Am I enough for… myself? For my high standards, the pressure I put on myself, my shabby brand of perfectionism? I often have thoughts such as ‘I wish I had read more books in my life’ or ‘why have I wasted so much time not writing when I’ve had plenty of opportunity to’ or ‘I should have kept up a high fitness level, and not quit painting or sports or card making or cycling’. And then I will bargain with myself. ‘If by the age of 25 you have written a novel, gotten fit, read 3,000 books, travelled and rediscovered art, then, then you will be good enough.’
And this mindset limits my enjoyment of things I really love. Time that I could be spending lost in my own world writing I spend berating myself for my word count and disjointed chapters. Reading can start to feel like a race to read as much as possible, rather than a process of discovering and enjoying new authors, writing styles and ideas.
Obviously, this isn’t a very healthy way to live. I don’t know exactly what the root cause of it is. Maybe it has something to do with realising now more than ever that I am definitely no longer a child, or maybe it has something to do with society telling women that their lives are over once they turn 30, but I am always striving towards (or berating myself for not) bettering myself. But not in a cool, fun, productive way. In a way that makes me feel like I am never ever enough. I also have the tendency to analytically compare myself to others, usually those who I admire. Comparing yourself to others is nearly always a bad idea.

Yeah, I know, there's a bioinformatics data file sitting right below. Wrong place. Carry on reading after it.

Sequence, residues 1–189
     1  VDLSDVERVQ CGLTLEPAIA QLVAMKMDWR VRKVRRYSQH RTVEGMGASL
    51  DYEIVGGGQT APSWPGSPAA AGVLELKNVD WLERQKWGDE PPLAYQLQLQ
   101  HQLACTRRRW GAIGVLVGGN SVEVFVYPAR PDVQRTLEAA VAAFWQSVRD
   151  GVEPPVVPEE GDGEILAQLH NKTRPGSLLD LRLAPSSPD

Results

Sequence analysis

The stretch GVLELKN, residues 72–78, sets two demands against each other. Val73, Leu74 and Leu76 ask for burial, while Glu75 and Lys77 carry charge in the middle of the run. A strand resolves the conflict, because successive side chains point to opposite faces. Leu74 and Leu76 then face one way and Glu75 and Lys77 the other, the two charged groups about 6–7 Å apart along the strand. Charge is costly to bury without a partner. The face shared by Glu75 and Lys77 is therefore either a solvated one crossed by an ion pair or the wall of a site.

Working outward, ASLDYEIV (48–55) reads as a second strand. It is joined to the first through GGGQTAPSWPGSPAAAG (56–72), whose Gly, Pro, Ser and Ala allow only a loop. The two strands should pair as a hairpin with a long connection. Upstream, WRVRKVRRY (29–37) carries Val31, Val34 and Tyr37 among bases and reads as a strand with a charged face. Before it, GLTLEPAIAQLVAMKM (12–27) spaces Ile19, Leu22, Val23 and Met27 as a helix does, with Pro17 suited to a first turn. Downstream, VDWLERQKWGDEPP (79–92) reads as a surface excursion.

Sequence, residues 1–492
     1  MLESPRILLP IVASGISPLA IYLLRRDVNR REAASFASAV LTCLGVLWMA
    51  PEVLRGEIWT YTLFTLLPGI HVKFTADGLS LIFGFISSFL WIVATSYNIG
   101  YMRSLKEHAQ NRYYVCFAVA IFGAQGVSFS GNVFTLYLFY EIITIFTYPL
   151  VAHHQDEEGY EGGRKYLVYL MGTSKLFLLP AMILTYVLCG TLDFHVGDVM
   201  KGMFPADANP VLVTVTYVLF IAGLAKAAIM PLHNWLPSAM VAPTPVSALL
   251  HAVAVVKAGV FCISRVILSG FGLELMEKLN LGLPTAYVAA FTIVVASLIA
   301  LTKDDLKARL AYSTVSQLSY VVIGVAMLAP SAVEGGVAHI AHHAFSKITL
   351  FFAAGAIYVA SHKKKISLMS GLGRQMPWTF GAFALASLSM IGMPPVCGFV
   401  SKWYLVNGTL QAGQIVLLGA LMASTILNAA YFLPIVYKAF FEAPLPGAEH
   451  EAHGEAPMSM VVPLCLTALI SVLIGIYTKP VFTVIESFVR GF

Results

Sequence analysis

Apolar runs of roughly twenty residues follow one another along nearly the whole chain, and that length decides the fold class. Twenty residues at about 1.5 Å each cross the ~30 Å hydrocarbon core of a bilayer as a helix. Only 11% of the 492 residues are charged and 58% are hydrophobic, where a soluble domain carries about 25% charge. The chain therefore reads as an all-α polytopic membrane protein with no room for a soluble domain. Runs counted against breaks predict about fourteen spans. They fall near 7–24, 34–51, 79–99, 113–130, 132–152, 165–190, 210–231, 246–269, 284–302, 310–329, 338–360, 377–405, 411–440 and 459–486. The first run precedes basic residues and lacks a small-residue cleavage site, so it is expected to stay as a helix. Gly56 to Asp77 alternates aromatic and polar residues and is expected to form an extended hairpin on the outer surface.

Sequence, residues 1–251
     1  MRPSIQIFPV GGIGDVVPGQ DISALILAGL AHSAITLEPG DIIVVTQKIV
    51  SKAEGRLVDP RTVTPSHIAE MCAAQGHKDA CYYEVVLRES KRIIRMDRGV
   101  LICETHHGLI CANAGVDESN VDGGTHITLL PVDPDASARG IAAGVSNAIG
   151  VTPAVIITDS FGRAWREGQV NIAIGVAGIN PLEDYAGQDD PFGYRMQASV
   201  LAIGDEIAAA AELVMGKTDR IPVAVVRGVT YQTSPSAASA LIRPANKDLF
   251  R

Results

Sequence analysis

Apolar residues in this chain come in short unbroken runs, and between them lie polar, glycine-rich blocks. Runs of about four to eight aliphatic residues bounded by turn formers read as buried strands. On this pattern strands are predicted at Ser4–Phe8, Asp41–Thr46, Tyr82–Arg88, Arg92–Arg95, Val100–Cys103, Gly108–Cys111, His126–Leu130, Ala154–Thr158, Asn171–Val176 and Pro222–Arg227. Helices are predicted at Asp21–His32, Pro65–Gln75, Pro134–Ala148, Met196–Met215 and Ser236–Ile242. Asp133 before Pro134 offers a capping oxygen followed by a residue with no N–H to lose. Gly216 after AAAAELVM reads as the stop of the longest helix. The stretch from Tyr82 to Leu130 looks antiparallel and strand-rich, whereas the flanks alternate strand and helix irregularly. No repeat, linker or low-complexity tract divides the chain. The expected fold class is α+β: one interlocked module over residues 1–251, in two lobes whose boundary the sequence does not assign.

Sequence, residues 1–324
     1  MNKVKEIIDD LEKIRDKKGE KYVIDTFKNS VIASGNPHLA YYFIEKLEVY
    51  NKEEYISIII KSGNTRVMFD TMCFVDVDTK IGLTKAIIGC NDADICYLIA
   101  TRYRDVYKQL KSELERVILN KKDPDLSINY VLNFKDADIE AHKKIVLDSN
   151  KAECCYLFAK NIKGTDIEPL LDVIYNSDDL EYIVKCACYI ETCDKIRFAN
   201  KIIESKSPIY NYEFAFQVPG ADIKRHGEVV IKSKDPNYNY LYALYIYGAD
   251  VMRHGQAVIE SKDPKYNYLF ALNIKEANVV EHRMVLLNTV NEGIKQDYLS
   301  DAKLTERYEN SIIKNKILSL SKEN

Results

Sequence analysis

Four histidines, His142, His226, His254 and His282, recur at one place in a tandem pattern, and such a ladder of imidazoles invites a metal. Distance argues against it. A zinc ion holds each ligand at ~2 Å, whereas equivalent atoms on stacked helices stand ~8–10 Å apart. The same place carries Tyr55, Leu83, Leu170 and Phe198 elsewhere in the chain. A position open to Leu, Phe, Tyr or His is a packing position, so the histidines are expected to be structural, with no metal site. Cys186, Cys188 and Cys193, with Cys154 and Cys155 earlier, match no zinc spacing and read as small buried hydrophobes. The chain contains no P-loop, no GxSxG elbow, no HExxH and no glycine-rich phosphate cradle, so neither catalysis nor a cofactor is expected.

So I am going to try to combat this. I want to make the most of the present, the moments as they occur. I will try my best to write without regretting lost time. I will read because I love it, and because it’s important to me, not because I need to ‘catch up’. And I also think that it’ll be interesting to change my attitude towards ‘quitting’. If we stop doing something, we don’t necessarily stop doing it forever. We just kind of… take a break from it for a while. For example, this year I have started cycling again, after ‘quitting’ of sorts at the age of fourteen. And I also miss doing art regularly sometimes, and would love to take art classes in the future when I have the time and money. It’s okay to put things on the back burner, and come back to them when the time is right. No one can do everything all of the time, and I’m saying this as a reminder to myself as opposed to a preachy message to anyone else.
So for now, I will try my best to enjoy myself as I am now, a product of my life experiences so far, the places I’ve been, the people I’ve known, the books and media I have consumed, the hobbies I have undertaken over the years. And this is enough. And to prove this to myself, I am going to spontaneously post this blog with minimal editing.